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According to an emerging vision in computational cognitive neuroscience, perception (rich, full-blooded, world-presenting perception of the kind we enjoy) depends heavily on prediction. To visually perceive, if this schema is correct, is to meet incoming visual information with a set of matching top-down predictions that track the evolving visual signal across multiple spatial and temporal scales. This chapter first introduces this general explanatory schema, then displays some recent evidence for the schema, and discusses to what extent it marks a radical departure from previous (feature-detection based) models of perception. It ends by exploring some implications of the schema for questions concerning multimodal and crossmodal effects in sensory processing, and for an understanding of the deep and fundamental relations between perception, imagination, and understanding.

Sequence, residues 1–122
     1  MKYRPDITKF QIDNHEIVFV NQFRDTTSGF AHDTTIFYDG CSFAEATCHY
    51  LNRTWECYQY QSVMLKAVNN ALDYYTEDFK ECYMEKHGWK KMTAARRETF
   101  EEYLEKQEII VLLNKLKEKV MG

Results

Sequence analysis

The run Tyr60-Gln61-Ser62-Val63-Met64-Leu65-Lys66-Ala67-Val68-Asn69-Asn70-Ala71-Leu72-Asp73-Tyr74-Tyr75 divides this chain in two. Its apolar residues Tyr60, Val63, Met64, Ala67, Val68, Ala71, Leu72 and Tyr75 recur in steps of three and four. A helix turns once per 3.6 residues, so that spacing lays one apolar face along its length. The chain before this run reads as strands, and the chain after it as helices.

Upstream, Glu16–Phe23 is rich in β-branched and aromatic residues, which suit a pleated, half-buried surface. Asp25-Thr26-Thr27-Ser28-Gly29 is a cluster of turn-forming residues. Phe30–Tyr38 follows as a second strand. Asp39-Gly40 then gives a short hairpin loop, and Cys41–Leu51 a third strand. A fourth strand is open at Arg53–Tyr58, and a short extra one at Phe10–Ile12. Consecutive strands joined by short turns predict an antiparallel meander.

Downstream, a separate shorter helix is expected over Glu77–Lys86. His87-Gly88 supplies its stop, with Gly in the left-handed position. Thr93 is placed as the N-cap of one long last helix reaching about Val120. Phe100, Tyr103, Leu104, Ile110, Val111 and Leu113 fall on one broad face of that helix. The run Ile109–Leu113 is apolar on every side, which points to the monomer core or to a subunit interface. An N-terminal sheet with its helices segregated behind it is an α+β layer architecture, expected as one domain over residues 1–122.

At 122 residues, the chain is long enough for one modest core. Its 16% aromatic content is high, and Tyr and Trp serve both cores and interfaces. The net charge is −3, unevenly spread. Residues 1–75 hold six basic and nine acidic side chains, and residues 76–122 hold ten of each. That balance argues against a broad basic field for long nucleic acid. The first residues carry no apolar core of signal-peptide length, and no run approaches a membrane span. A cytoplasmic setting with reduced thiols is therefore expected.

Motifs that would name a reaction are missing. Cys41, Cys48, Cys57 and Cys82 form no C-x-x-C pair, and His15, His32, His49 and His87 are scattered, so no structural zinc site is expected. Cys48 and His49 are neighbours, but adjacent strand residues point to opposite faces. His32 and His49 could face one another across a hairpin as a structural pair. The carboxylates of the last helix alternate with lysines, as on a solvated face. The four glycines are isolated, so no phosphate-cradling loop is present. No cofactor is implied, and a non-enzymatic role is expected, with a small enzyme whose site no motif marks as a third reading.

|Title of host publication||Perception and Its Modalities|
|Editors||Dustin Stokes, Mohan Matthen, Stephen Biggs|
|Place of Publication||New York|
|Publisher||Oxford University Press|
|Number of pages||20|
|Publication status||Published - 1 Oct 2014|